Many beginner developers tend to build code that is not generic enough or that is only used for a specific object. However, I will not be showing you such an implementation. The following implementation is an industry-grade Save/Load system architecture. So, don’t panic if it’s a bit complicated. Learning how to write proper code and create systems is the best long-term strategy for your games.

I have another article that explains the mindset of designing systems in games. If you want to dramatically improve your game code architecture, you can find it here: How To Use System-driven Design To Create Better Games. So how is our save/load system going to work? Here are the basic components we need to create:

  • The Serialize(file) method: writes the required properties of an object to a file. It’s found in the object class, where the properties are accessible. For each object that has properties which need to be written to a file, this method must be implemented
  • The Deserialize(file) method: reads data from a file and assigns the properties of an object. It’s found in the object class, where the properties are accessible. For each object that has properties which need to be read from a file, this method must be implemented.
  • The LoadSaveGame System Singleton: class that acts as a centralized system for receiving save and load data requests from anywhere in the code. It is automatically loaded when the game starts (AutoLoad) and released when the game ends. It holds the target file object, path, and password for the first and all subsequent file accesses.

Note: Serialization Methods Are Only Relevant for Serializable Objects

You don’t need to implement the Serialize(file) and Deserialize(file) methods for all objects. Just for the ones that must store data and load data from a file.

Example: Saving and Loading Data From A Character Class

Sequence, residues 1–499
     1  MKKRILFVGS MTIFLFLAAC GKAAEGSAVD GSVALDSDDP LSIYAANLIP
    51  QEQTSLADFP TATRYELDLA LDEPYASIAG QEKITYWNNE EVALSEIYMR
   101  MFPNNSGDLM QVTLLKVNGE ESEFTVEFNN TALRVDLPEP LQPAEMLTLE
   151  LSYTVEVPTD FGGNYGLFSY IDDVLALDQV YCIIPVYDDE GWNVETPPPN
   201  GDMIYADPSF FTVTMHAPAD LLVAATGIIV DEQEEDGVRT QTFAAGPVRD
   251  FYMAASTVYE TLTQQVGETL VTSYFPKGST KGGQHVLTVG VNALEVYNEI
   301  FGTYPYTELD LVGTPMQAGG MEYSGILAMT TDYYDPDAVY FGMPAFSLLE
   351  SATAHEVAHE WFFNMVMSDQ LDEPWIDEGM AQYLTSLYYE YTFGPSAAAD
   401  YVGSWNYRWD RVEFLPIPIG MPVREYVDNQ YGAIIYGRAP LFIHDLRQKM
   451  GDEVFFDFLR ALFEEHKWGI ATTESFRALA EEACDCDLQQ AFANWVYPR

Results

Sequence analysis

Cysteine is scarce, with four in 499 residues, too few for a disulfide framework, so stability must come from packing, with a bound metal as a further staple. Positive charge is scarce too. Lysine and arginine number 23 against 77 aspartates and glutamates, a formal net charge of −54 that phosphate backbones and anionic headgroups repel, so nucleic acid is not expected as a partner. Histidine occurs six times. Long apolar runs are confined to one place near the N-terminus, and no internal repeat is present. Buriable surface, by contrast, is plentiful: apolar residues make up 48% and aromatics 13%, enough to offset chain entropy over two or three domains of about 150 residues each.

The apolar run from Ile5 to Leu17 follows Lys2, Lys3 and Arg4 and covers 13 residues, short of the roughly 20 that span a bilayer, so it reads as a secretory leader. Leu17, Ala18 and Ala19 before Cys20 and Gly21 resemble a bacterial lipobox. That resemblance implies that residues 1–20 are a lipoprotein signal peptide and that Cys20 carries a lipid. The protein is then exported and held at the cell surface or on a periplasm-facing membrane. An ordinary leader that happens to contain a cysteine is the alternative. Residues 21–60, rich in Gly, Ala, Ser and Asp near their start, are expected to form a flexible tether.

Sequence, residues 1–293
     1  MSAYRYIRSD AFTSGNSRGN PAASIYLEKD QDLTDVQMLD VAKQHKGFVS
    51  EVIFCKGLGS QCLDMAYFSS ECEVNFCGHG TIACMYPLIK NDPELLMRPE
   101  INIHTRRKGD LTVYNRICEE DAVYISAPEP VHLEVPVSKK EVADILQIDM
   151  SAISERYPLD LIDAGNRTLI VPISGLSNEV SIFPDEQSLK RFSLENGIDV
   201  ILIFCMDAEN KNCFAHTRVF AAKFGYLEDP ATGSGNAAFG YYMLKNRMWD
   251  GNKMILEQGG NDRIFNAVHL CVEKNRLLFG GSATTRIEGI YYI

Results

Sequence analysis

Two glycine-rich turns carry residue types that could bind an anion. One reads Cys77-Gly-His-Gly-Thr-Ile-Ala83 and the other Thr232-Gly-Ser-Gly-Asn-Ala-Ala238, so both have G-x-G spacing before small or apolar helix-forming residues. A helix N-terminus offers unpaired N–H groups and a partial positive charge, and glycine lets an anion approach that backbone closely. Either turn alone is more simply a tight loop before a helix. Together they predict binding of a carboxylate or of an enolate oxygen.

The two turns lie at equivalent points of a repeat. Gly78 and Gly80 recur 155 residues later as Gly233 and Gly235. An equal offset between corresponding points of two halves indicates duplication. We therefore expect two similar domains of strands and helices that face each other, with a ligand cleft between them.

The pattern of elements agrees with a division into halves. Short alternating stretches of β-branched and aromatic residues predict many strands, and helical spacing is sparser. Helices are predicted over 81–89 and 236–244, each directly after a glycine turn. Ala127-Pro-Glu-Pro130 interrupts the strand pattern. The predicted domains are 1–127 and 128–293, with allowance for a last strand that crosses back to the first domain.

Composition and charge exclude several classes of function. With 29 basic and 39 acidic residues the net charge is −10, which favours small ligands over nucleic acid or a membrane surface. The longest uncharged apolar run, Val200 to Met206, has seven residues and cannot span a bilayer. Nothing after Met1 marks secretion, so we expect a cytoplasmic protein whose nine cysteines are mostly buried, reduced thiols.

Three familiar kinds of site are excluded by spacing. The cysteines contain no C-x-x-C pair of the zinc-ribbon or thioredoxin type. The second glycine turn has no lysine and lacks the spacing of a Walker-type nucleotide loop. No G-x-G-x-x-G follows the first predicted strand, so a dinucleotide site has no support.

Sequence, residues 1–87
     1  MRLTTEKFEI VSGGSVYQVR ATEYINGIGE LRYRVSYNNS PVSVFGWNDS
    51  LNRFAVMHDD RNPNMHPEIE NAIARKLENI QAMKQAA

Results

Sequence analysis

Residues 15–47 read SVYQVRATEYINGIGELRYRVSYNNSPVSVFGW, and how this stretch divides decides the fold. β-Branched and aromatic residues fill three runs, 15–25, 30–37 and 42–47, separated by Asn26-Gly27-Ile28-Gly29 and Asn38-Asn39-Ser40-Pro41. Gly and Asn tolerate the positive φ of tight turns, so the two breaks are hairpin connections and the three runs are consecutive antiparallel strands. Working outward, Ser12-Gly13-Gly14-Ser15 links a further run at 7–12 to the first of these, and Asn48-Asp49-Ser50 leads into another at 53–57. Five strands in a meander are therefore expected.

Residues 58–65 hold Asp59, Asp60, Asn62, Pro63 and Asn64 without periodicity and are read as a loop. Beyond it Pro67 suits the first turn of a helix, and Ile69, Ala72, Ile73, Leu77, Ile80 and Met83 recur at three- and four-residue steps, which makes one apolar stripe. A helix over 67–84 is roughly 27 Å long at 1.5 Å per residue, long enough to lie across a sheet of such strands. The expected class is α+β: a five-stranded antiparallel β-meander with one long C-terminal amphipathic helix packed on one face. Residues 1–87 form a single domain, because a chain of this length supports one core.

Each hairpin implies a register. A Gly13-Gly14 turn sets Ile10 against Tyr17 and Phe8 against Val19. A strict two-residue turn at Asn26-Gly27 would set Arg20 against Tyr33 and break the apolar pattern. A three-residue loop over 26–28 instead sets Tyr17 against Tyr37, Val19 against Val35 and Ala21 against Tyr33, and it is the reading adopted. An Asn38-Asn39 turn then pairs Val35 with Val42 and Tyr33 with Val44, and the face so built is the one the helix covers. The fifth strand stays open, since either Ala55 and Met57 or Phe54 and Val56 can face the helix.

For the following example, I used a character class which has three properties: name, health, and speed. I want to save these properties to a file and load them back at a later time.

Step 1: Creating the ‘Serialize’ Method in the Character Script (Character.gd)

As I mentioned before, each property you want to save or load must be in the Serialize(file) and Deserialize(file) methods.

# Serialize the object's properties and write them to the given file
func Serialize(file : FileAccess) -> void:
	file.store_pascal_string(m_Name)	# Store a string
	file.store_32(m_Health)				# Store a 32-bit integer
	file.store_float(m_Speed)			# Store a 32-bit float

Step 2: Creating the ‘Deserialize’ Method in the Character Script (Character.gd)

# Read the object's properties from the given file and deserialize them
func Deserialize(file : FileAccess) -> void:
	m_Name = file.get_pascal_string()	# Get a string
	m_Health = file.get_32()			# Get a 32-bit integer
	m_Speed = file.get_float()			# Get a 32-bit float

Strings, integers and floats are not the only variable types Godot can import or export. There are many other types you can use in your games. Go to https://docs.godotengine.org/en/stable/tutorials/io/binary_serialization_api.html to see all available types.

Note: Pascal Strings vs. Regular Strings

A string is a collection of characters in memory. To store or retrieve a string from a file, the software needs some additional information, such as the encoding and number of characters in the string. A regular string will only contain the text itself, without the additional information. In contrast, the pascal string will include the text as well as the additional information.

To retrieve small strings like in my example, you should always use the pascal string methods. The regular string methods are used to write and read entire text files, which do not include other variables like integers or floats.

Okay, I understand the implementation of the Character class, but who calls these ‘Serialize’ and ‘Deserialize’ methods?

Step 3: Implementing the SaveLoadGame Singleton Script (SaveLoadGame.gd)

There must be a centralized system that manages the file access, password and object method calls. I called this class ‘SaveLoadGame’ and added it to the AutoLoad tab in the project settings, which essentially makes it a singleton. Then, I created the Initialize(path, password) and Clear() methods to initialize and clear the module’s properties.

extends CharacterBody2D
class_name SaveLoadGame

var m_File : FileAccess		# File object opened by the FileAccess library
var m_FilePath : String		# File path to the requested file